After overcoming initial concerns, Amada Pascall found that collaborative working offered variety, flexibility and new skills.
Under the Every Child Matters agenda Shropshire Council has established several multi-agency teams to work more collaboratively on prevention and early intervention with children and young people in need. During a reconfiguration of children and young people’s services in Shropshire early this year, social workers and senior social workers were incorporated into these teams.
In recent months I have seen some of the many benefits to multi-agency set-ups. Working alongside professionals from other disciplines, including mental health, education welfare and substance misuse, has helped me develop a broader perspective of their roles (particularly because we regularly talk about our work and share information).
The team is relatively new but I can see the previous boundaries between agencies already being transformed as we all develop a better understanding of our roles and responsibilities.
I am already seeing a more rapid and seamless response for families: referrals are made within the team to colleagues in other disciplines and the sharing of information is quicker and more effective.
I was initially concerned that I might lose some of the skills and knowledge I had developed in assessing and managing risk in my previous posts.
But I have discovered that moving into a multi-agency team has given me further opportunities to develop my skills in this area and develop my career. I now have opportunities to help other agencies gain awareness of child protection thresholds, particularly as one of my responsibilities is to provide consultations with professionals who have concerns or who need advice about the families they are supporting.
I now have more awareness of what support services are available in the local community and can develop good links with them. I have found my role as a social worker in a multi-agency team to be more varied than previous roles. It’s also given me greater flexibility in my role as I have opportunities to be more creative.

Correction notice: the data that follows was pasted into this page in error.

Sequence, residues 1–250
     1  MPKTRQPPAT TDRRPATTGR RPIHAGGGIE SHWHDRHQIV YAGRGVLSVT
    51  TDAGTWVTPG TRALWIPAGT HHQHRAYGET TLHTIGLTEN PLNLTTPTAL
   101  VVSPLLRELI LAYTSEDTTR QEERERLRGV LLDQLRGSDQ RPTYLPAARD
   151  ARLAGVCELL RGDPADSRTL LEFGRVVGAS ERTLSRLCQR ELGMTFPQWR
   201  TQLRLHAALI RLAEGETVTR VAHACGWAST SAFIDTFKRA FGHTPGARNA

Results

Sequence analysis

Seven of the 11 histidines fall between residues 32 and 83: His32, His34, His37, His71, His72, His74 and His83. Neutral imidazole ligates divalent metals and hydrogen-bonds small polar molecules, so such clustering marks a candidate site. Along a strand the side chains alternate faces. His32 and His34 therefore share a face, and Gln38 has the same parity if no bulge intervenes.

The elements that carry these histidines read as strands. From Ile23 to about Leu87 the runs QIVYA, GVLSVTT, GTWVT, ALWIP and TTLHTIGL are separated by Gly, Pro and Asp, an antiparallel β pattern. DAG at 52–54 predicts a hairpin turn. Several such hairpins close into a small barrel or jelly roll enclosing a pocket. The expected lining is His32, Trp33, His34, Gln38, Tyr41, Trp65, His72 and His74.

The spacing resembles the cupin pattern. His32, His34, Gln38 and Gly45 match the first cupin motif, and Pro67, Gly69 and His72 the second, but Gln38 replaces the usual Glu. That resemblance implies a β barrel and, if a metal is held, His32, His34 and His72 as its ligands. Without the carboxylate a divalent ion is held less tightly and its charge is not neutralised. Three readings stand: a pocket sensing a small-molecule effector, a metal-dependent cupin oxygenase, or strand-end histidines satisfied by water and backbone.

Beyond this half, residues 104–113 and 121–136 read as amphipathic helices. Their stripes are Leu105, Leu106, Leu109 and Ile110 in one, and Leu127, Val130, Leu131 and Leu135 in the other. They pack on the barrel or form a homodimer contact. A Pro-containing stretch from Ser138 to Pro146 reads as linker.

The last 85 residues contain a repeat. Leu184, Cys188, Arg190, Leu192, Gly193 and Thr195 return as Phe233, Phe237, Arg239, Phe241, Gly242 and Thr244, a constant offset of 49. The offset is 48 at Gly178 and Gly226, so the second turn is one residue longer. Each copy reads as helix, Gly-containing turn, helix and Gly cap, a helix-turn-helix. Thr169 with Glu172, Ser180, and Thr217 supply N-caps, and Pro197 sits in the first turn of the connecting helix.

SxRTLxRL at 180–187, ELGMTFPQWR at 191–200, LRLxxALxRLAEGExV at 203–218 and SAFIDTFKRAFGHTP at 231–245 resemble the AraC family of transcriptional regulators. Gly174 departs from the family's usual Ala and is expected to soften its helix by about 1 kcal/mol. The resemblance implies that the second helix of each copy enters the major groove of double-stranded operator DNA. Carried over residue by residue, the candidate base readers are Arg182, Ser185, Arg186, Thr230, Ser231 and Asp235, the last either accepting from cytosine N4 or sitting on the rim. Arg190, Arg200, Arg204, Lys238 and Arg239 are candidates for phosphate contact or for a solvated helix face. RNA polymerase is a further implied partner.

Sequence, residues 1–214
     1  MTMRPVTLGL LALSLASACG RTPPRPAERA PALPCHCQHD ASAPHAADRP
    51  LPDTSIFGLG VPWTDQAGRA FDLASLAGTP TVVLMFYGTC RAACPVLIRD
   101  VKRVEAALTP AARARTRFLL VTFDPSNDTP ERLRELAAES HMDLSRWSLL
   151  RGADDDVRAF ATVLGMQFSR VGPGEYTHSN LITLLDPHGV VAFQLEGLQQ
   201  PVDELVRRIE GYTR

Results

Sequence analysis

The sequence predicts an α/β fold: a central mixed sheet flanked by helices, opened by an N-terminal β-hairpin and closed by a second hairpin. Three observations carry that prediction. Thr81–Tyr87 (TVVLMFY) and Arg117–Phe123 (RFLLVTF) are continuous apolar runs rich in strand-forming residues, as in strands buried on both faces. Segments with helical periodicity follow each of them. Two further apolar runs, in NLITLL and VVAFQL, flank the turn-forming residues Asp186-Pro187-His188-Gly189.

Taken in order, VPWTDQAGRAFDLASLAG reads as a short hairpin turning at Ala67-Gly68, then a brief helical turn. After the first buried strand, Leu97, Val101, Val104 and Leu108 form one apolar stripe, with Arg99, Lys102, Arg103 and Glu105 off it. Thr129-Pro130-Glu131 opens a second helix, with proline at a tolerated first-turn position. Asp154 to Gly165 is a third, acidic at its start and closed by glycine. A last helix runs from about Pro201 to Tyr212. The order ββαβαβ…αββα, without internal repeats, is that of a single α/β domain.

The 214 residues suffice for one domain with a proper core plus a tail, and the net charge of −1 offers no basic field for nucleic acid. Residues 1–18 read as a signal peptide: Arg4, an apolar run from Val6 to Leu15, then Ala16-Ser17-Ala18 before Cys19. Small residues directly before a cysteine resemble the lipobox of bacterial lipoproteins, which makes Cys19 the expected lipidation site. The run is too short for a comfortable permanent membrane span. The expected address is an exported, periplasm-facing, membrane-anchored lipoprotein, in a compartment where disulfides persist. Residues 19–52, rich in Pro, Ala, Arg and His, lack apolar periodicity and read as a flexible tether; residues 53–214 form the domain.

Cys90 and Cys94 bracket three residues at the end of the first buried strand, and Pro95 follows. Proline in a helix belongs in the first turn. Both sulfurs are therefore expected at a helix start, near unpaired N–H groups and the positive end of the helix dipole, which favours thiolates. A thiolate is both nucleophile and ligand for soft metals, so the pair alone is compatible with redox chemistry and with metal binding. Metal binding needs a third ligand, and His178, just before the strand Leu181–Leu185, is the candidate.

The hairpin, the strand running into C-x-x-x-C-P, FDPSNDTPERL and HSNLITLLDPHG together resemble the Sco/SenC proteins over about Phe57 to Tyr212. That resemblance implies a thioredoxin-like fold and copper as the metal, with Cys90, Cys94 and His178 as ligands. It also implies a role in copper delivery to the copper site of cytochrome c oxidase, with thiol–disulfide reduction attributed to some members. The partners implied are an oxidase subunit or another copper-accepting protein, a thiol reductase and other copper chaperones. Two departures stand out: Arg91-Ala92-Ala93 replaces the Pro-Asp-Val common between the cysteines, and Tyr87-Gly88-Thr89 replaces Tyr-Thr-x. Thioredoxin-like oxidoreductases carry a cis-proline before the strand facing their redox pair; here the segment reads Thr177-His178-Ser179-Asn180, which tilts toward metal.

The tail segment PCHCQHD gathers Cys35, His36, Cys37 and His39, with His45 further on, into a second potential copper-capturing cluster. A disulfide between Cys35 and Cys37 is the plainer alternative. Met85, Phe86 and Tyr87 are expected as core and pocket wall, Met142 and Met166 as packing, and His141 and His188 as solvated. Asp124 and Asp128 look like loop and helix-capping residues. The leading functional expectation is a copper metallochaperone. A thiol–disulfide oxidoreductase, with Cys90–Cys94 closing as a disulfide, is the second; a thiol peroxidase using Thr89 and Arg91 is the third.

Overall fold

Part of my responsibility not only involves holding a caseload of children and young people who have a TAC (Team Around the Child) Plan but to attend TAC meetings when plans need to be reviewed. Rather than managing and reviewing plans, I directly work with children and families.
I also have responsibility to certain TAC meetings, either as the lead professional or to provide a consultation to those attending the meeting.
These meetings are an effective way of bringing together those professionals who are working closest with a family. They can be small and informal and the family is central in deciding who attends and how the plan is formulated. The family can decide, along with those professionals supporting them, the frequency of the meetings.
Families have commented that having a lead professional, someone who acts as their first point of contact, is less confusing and this has been echoed by other professionals supporting families.
This is an exciting time for the development of multi-agency teams in Shropshire and I am looking forward to the way in which the social worker role continues to develop.
Amanda Pascall is a social worker at Shropshire CouncilMore information
This article is published in the 18 September issue of Community Care under the headline Multi-agency Working is Key to Expanding Professional Skills